While spending plan helps some in Central Brooklyn, unemployment & charter schools not addressed
As this paper went to press, Mayor Bill de Blasio issued a $73.7 billion fiscal year 2014-15 city budget that includes doing away with the city charging public housing residents to pay for police protection.
Currently, the city charges the New York City Housing Authority (NYCHA) about $70 million annually for the NYPD officers assigned to safeguard its 334 properties across the five boroughs.
Under de Blasio’s spending plan, NYCHA will be relieved of the remaining $52.5 million that would otherwise be owed to the NYPD in FY 2014, so more money can be steered to service outstanding work orders on the NYCHA repair docket.
De Blasio said to keep the NYPD budget whole, the preliminary budget also provides the NYPD with an additional $52.5 million in city funds.
Initial reaction from NYCHA residents was cautiously optimistic of the proposal, as NYCHA has reportedly been years behind in work orders to renovate apartments and fix buildings.
“I think it’s a good idea, but I’ll still wait and see if the money saved will be put back into NYCHA for building renovations, and repair of apartments and getting cameras in the building,” said Renyeh Alexander, vice president of the Tompkins Houses Residential Association.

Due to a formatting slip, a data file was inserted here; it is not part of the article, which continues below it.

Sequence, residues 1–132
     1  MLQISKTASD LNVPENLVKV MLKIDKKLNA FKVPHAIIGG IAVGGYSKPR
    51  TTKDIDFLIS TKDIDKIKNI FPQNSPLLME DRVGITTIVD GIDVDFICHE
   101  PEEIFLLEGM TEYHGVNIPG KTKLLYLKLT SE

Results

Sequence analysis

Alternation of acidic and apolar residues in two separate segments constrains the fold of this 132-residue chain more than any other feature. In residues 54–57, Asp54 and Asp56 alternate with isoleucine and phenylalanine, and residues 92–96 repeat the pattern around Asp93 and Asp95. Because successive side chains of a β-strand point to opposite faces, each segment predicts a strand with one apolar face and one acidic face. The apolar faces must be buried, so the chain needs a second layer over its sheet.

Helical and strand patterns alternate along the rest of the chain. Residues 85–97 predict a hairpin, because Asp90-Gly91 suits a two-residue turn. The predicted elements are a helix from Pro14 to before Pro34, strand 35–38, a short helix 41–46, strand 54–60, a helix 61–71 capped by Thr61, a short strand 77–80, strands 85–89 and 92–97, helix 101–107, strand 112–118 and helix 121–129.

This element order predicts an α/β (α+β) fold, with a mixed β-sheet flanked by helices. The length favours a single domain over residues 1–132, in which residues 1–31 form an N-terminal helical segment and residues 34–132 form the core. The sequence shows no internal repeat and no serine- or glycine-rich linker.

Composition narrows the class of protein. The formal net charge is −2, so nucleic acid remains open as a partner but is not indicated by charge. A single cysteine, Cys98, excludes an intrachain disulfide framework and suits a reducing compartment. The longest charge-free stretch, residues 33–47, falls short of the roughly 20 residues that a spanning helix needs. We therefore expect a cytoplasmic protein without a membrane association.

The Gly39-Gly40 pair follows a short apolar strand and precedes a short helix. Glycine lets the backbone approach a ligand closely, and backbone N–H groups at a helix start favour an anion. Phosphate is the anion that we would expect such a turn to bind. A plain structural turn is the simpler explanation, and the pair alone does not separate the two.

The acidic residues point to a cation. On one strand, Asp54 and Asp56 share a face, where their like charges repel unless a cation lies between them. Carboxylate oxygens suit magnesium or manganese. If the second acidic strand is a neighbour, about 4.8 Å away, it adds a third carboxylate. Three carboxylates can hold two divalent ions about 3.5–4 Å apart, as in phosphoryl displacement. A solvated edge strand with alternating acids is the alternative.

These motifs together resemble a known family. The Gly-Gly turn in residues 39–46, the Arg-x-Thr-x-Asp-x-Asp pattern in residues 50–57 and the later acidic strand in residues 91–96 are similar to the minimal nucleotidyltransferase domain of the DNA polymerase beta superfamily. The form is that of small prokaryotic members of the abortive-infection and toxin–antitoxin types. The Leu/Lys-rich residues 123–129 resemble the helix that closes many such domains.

While the budget press release did not address such pressing issues in Central Brooklyn as high unemployment and under employment, small business initiatives and charter schools, it did continue to hammer away at the need for universal pre-kindergarten and an expansion to after-school programs.
This includes the wishful thinking of expecting an additional $500 million in revenue from taxing those with incomes higher than $500,00, which needs approval from the state.
Other funding of interest to central Brooklyn includes:
Three million dollars in FY 2015 to set up an independent inspector general at the NYPD. This new office will help bring police and the community together by overseeing department policies and procedures, such as stop-and-frisk.
Restoring about $28 million that the Bloomberg budget cut from the Department of Homeless Services so that families that don’t know each other won’t be forced to live together in a shared apartment.
Restoring about $9 million that the Bloomberg budget cut to community-based mental health and immunization clinics to improve access to mental health services.
“Our budget will be a progressive budget — one that will put us on the road to giving hardworking New Yorkers a fair shot,” Mr. de Blasio said in a news release. “There’s nothing mutually exclusive about being both fiscally responsible and economically progressive.”
At press time, City Councilman Robert Cornegy could not be reached for comment about the budget.
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